Learn About Israel While It Still Exists
Posted by cann0nba11 on November 15, 2012
Things are heating up again in Israel. The drafting of up to 30,000 reservists has been authorized by Israeli Defense Minister Ehud Barak, and troops are being moved toward the Gaza Strip. Why? More than 750 missiles have been launched into the country this year, yet when it counter attacks Israel is condemned for its actions.
Meanwhile, our supposed ally Egypt reacted by its Islamist president ordering his prime minister to lead a senior delegation to Gaza in a show of support for the coastal strip’s Hamas rulers in the face of Israel’s offensive.
An aide to Palestinian leader Mahmoud Abbas harshly condemned Israel’s military operation, saying the Palestinians “hold Israel fully responsible for the consequences of this act of aggression.” Egyptian Foreign Minister Mohammed Kamel Amr spoke with U.S. Secretary of State Hillary Rodham Clinton late Wednesday, asking for “immediate U.S. intervention to stop the Israeli aggression,” the ministry said in a statement. I wonder if Hillary asked for his opinion on the 750 missiles?
So, if you are someone that thinks Israel is a problem, please read the following. I wrote the following post several years ago and feel it is worth re-posting given the increasing tensions.
On May 14, 1948, in Tel Aviv, Jewish Agency Chairman David Ben-Gurion proclaims the State of Israel, establishing the first Jewish state in 2,000 years. In an afternoon ceremony at the Tel Aviv Art Museum, Ben-Gurion pronounced the words “We hereby proclaim the establishment of the Jewish state in Palestine, to be called Israel,” prompting applause and tears from the crowd gathered at the museum. Ben-Gurion became Israel’s first premier.In the distance, the rumble of guns could be heard from fighting that broke out between Jews and Arabs immediately following the British army withdrawal earlier that day. Egypt launched an air assault against Israel that evening. Despite a blackout in Tel Aviv–and the expected Arab invasion–Jews joyously celebrated the birth of their new nation, especially after word was received that the United States had recognized the Jewish state. At midnight, the State of Israel officially came into being upon termination of the British mandate in Palestine.
Modern Israel has its origins in the Zionism movement, established in the late 19th century by Jews in the Russian Empire who called for the establishment of a territorial Jewish state after enduring persecution. In 1896, Jewish-Austrian journalist Theodor Herzl published an influential political pamphlet called The Jewish State, which argued that the establishment of a Jewish state was the only way of protecting Jews from anti-Semitism. Herzl became the leader of Zionism, convening the first Zionist Congress in Switzerland in 1897. Ottoman-controlled Palestine, the original home of the Jews, was chosen as the most desirable location for a Jewish state, and Herzl unsuccessfully petitioned the Ottoman government for a charter.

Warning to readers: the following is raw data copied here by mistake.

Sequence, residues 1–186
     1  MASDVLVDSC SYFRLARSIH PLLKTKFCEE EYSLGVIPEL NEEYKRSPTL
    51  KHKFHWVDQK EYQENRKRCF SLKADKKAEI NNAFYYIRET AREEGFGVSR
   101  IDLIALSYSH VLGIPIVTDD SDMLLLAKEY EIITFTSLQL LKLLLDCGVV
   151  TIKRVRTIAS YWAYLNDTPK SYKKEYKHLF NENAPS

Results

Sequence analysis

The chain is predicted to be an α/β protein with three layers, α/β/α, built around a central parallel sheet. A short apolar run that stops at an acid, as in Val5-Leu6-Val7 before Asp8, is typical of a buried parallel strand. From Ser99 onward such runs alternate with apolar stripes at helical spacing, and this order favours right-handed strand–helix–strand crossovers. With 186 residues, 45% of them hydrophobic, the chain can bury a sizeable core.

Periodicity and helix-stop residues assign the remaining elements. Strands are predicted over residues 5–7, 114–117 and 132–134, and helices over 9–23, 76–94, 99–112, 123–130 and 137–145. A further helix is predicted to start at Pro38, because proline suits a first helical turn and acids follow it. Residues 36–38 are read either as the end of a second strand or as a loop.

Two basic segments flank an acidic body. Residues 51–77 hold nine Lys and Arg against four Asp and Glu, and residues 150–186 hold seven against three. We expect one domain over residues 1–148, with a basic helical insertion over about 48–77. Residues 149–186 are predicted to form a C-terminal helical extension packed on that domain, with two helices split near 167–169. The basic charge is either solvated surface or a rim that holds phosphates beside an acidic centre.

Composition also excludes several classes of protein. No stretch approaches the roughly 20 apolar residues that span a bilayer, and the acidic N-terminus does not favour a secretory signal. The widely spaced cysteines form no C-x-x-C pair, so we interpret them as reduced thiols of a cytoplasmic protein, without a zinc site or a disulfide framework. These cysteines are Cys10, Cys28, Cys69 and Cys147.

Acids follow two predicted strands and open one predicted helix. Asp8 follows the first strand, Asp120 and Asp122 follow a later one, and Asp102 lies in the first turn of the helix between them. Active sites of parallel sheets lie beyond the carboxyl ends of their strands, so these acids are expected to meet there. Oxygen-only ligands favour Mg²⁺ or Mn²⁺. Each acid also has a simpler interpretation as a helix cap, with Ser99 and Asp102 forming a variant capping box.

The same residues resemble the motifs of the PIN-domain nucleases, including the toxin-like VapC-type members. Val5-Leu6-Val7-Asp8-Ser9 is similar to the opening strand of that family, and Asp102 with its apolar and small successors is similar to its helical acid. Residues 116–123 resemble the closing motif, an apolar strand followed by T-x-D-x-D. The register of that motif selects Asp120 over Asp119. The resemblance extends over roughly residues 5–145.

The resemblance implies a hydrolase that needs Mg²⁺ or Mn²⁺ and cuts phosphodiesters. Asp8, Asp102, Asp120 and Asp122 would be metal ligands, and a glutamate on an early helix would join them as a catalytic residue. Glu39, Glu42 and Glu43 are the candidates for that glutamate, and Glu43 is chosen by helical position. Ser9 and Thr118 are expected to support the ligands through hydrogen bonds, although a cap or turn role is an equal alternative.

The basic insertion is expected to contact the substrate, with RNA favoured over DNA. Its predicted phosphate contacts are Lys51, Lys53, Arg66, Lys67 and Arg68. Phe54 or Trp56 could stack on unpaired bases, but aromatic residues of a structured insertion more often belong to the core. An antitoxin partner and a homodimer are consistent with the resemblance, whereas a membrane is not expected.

After the failed Russian Revolution of 1905, growing numbers of Eastern European and Russian Jews began to immigrate to Palestine, joining the few thousand Jews who had arrived earlier. The Jewish settlers insisted on the use of Hebrew as their spoken language. With the collapse of the Ottoman Empire during World War I, Britain took over Palestine. In 1917, Britain issued the “Balfour Declaration,” which declared its intent to establish a Jewish homeland in Palestine. Although protested by the Arab states, the Balfour Declaration was included in the British mandate over Palestine, which was authorized by the League of Nations in 1922. Because of Arab opposition to the establishment of any Jewish state in Palestine, British rule continued throughout the 1920s and ’30s.
Beginning in 1929, Arabs and Jews openly fought in Palestine, and Britain attempted to limit Jewish immigration as a means of appeasing the Arabs. As a result of the Holocaust in Europe, many Jews illegally entered Palestine during World War II. Radical Jewish groups employed terrorism against British forces in Palestine, which they thought had betrayed the Zionist cause. At the end of World War II, in 1945, the United States took up the Zionist cause. Britain, unable to find a practical solution, referred the problem to the United Nations, which in November 1947 voted to partition Palestine.